Speak up! Add your voice to the call from dozens of farm groups to find a better solution and halt the pesticide treadmill.
Oct 16, 2017
Kristin Schafer

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At last, visible progress.


Byron uses steam to weed without chemicals.

Council workers using the steam machine to weed a garden bed.
Byron Shire Council workers are using a new steam weeding machine to keep public areas free of weeds without using chemicals.
The mobile unit is being used by the council’s open spaces team as part of efforts to stop using herbicides by 2018.
The council’s Open Spaces manager Michael Matthews said the council resolved to phase out herbicides in 2015.
‘This machine is highly effective at killing weeds without the use of chemicals and I know that anything that reduces the use of herbicides will be welcomed by our residents,’ he said.
‘Staff are using it to kill weeds in and around children’s playgrounds which is a relief to many parents who feel strongly about the use of herbicides and other chemicals.
‘We are also using the steam weeder in retail areas of our towns and villages and other popular spaces such as picnic areas.
‘The steam weeder is a mobile unit operated by the Open Space team who use a wand to spray steam onto weeds and into the ground to penetrate their root systems.
‘An added bonus is that we are also able to use it as a steam machine to clean playground equipment, tables and paths,” he said.
‘For many years our residents have been telling Council they are not happy with society’s reliance on chemicals and we hear their concerns.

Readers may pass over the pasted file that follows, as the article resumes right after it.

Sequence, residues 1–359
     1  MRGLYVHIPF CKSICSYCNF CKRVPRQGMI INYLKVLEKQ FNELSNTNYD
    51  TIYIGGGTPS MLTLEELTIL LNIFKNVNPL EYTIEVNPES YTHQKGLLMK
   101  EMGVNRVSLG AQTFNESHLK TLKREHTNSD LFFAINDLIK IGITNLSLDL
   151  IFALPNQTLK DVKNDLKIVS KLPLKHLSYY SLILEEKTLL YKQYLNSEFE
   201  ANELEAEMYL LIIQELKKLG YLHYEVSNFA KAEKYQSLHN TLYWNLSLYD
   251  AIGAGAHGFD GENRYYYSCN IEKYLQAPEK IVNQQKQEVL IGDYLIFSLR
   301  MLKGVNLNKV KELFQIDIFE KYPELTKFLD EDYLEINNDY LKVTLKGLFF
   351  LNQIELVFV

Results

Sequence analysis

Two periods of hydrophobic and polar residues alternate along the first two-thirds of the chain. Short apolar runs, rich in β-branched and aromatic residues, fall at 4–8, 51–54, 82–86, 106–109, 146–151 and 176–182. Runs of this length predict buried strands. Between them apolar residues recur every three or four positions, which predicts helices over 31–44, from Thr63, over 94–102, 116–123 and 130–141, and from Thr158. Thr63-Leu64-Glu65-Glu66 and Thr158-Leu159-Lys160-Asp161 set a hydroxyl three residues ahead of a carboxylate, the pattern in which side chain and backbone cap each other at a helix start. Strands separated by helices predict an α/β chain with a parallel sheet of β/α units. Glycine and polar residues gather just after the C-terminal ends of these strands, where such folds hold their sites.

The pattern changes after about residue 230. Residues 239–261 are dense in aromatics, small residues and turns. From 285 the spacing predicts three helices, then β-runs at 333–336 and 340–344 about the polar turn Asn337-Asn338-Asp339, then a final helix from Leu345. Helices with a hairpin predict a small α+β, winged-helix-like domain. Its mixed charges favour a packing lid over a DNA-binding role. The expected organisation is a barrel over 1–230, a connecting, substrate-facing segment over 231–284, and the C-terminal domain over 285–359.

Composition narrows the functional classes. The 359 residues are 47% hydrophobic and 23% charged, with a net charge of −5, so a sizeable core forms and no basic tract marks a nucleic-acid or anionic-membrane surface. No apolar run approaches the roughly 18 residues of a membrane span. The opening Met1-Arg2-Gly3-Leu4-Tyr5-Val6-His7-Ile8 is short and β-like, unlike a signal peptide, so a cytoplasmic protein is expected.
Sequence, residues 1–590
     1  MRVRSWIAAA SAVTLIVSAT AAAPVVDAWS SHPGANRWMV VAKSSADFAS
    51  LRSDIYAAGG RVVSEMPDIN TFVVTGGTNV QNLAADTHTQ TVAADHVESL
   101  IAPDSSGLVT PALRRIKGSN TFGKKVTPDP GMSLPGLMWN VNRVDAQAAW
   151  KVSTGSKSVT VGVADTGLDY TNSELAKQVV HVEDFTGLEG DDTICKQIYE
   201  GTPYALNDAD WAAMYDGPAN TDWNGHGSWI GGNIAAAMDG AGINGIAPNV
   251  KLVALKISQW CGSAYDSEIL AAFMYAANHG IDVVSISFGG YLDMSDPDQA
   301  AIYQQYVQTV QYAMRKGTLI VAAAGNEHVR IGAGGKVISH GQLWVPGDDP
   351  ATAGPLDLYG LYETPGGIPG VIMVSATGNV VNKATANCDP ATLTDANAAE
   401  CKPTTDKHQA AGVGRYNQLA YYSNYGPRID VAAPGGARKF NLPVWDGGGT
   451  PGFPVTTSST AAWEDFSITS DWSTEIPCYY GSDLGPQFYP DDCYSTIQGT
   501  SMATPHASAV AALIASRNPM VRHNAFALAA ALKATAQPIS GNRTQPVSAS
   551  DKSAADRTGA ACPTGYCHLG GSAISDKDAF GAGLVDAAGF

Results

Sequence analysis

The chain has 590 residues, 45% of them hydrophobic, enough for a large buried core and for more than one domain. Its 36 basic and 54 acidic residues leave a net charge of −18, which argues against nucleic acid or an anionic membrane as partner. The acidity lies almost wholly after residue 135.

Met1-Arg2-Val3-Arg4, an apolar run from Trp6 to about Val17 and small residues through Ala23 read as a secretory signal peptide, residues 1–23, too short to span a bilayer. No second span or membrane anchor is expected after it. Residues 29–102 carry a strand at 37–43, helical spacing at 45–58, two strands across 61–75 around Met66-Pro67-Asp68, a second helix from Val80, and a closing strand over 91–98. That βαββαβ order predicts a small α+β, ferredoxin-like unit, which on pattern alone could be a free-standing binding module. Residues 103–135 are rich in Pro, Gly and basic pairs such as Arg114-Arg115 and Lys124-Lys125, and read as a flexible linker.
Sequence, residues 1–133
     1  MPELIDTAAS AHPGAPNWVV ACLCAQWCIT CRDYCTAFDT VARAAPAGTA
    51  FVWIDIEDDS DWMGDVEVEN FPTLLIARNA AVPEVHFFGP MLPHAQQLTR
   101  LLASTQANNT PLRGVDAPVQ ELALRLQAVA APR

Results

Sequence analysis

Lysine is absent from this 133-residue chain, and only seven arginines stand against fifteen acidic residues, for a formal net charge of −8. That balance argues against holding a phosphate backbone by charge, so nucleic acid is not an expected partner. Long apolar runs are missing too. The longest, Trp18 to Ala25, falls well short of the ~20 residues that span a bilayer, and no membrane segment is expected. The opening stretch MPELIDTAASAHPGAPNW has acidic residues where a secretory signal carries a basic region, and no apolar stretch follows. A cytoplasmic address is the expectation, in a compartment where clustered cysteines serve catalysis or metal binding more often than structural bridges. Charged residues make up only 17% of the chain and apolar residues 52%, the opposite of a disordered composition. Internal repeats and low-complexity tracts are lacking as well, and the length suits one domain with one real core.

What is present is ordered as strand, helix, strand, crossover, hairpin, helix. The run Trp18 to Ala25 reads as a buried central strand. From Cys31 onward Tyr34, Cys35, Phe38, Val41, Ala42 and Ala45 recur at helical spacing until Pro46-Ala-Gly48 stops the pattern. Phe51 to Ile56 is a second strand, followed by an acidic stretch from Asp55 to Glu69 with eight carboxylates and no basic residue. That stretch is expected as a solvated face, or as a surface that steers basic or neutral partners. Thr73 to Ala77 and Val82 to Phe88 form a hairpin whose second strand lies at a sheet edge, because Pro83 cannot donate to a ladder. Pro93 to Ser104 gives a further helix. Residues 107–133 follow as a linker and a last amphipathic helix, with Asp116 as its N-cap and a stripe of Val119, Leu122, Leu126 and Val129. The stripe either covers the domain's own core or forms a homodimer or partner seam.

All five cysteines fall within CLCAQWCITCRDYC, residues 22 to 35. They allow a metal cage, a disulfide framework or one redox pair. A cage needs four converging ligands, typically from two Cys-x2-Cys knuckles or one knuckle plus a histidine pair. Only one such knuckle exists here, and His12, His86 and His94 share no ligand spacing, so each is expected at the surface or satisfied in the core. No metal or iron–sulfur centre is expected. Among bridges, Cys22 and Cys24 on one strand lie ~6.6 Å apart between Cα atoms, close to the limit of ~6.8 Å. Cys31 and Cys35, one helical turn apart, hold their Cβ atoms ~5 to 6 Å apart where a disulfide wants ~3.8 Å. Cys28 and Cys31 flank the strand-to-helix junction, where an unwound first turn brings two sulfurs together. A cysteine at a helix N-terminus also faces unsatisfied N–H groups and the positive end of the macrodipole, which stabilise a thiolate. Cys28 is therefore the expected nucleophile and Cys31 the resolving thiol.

‘Byron Shire Council will continue to lead the region in finding innovative and effective ways to reduce chemical use in our community.”
Mr Matthews said steam the machine, supplied by Australian company Weedtechnics, is regarded as one of the best and most efficient on the market.

Wilson Creek Hall site 5 years ago.

Following  dismay at the poisoning of the bana grass at the hall and close to the school, Huonbrook Herbicide Free Active volunteers took over the site and replanted it with lomandras and Dianela grasses.


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Richmond River

The Richmond River catchment is the sixth largest in New South Wales and covers an area of nearly 7,000 square kilometres in the north of the state.

It was once a thriving, heavily timbered forest, but since European settlement it has changed dramatically.

The banks of the river are now home to intensive agriculture, grazing, and urban development, which Rous County Council chairman Keith Williams said had long been blamed for killing the river.

“We all thought the river was bad five to 10 years ago,” he said.

“But when all the oysters at the mouth of the river died, the entire estuary — hundreds and thousands of oysters — they just died all at once.

“It’s like a slap in the face and you suddenly realise, this water and the river is not fit for marine creatures to live in anymore. So there’s got to be something majorly wrong.”

Coral tree poisoning, Wilson Creek.





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WEATHER permitting. Volunteer working morning.

Huonbrook Herbicide Free Active working group will continue jump-seed removal follow up during the coming weekend too. A few seedlings emerging in the push off road base. Overall a fraction compared to when we started the hand removal three years ago.